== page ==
First Ride: 2008 Harley-Davidson XR1200

With the launch of the XR1200, Harley-Davidson has achieved several firsts.

Click to read: Harley-Davidson XR1200 owners reviews, Harley-Davidson XR1200 specs and to see the Harley-Davidson XR1200 image gallery.

One is to build a bike exclusively for the European market. The XR1200 is a design initiative of Harley-Davidson Europe, borne almost of a frustration of trying to sell bikes built for the American market to European bikers who expect a minimum level of performance from their motorcycles – performance defined as handling, braking and power delivery, facets that seem to have different benchmarks in the USA.

The second achievement is to succeed in building a traditional Harley-Davidson that you can actually ride quickly without getting in a mess. Traditional is the key word, as the bike is styled on the legendary XR750 flat-tracker, a pure race-bike which has dominated a domestic dirt track sport for 35 years and incidentally, has helped the career of several Grand Prix World Championship contenders and a champion – Nicky Hayden. It was also the bike that carried Evel Knievel over a load of parked buses, ad nauseum (his, quite often).

Harley’s third achievement is yet to register I think. They may have deeply offended their most loyal Stateside customers by taking a Harley icon, making it into a road bike and selling exclusively to a bunch of foreigners. If I were at Harley-Davidson I’d homologate it for the US market and quick. The fact that hardly any of us journalists at the launch were erm, familiar with Scott Parker, says it all. Scott attended the launch. He’s nine-times AMA Grand National Dirt Track Champion and the most successful dirt-track racer ever. He won all his championships on the XR750. He also helped develop the XR1200 for us Limeys (the traitor).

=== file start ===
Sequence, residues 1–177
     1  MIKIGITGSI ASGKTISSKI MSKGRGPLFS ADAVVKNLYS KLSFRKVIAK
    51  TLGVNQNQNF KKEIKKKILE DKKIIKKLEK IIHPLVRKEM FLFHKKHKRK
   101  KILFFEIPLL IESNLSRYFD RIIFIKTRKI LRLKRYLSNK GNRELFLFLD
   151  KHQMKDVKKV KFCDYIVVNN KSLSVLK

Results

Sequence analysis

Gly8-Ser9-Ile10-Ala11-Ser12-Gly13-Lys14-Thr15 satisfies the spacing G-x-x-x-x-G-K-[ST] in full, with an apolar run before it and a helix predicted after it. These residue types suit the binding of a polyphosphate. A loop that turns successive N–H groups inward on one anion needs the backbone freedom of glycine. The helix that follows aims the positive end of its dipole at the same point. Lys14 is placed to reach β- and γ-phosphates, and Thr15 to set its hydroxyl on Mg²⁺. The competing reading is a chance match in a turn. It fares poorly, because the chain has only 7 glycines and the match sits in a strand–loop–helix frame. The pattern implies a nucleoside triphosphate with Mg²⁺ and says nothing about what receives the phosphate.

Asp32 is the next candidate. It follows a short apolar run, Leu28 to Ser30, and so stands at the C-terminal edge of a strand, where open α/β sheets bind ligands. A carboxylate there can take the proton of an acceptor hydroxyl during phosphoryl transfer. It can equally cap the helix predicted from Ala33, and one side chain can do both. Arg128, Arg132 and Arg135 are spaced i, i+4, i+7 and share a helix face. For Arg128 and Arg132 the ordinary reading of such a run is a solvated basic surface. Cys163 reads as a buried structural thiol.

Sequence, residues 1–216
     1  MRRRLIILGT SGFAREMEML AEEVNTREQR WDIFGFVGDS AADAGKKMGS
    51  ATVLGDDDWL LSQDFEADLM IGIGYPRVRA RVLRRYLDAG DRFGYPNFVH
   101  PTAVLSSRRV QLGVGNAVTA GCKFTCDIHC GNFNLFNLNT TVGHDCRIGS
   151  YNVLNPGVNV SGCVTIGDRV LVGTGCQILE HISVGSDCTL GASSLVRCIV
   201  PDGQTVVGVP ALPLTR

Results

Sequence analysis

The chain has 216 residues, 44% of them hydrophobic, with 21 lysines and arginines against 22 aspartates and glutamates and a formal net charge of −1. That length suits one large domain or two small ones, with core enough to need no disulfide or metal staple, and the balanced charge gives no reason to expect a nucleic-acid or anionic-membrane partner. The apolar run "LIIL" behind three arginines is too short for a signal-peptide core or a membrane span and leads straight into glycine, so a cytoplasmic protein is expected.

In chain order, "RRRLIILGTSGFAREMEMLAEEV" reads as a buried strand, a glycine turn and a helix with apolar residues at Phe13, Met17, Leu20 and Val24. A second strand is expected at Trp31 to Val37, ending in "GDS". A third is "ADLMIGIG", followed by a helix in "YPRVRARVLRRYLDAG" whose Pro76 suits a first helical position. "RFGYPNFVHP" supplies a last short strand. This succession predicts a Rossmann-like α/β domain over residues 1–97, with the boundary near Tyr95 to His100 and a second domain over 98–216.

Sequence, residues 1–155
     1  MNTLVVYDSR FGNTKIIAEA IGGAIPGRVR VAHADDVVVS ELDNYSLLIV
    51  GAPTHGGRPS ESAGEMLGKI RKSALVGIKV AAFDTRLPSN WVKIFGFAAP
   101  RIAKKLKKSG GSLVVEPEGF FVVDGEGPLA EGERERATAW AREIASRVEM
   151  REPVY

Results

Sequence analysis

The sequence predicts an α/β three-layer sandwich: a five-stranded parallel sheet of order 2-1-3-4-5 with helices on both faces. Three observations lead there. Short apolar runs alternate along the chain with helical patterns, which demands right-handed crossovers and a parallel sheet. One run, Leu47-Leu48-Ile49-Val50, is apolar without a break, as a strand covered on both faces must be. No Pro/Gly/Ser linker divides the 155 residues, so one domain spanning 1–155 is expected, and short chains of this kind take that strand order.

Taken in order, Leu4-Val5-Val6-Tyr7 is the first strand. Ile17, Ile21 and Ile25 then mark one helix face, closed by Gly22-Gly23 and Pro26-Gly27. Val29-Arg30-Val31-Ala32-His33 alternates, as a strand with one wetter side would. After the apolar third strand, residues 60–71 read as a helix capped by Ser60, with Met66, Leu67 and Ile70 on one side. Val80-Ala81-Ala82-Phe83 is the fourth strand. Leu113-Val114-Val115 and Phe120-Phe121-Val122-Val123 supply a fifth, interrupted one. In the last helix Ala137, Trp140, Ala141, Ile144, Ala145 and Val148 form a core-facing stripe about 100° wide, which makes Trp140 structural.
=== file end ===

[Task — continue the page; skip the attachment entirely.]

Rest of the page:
Another first, was to impress a load of cynical European journos with by presenting a truly sporty Harley. Not sporty like a GSX-R, more like a Ducati Monster. They call this a roadster, rather than a sportsbike.

That said, this is still a Harley-Davidson. In Milwaukee they plough their own furrow in motorcycle engineering (pun intended). Style and engineering design is all bound up with its history, on which it trades successfully. The heart of a Harley has been, for over 100 years, a big, tall shaking slow and low-revving V-twin motor. Without this, it isn’t a Harley-Davidson. No-one in Milwaukee has a blank design sheet; it always starts with a V. So they present themselves with a lot of challenges in order to keep up with the competition in pure performance terms.

The XR1200 is a perfect example of a modern Harley-Davidson, harking back to an iconic model in its glorious history and being lumbered with all the design baggage and compromise that brings.

For example the big 45-degree V sits in a simple, heavy steel double-cradle frame. If you’ve been brought up on modern Japanese bikes, you’ll be peering across what seems to be a Grand Canyon in terms of sophistication. But approach with an open mind and don’t judge until you’ve tried it. This is what Harley-Davidson is all about.

Based largely on a Sportster XL1200 road bike, the XR1200 has some Japanese-style technology added in order to meet the European brief – Showa suspension, cast alloy wheels and Nissin brakes, although not radial. The engine is retuned with some essential performance tweaks.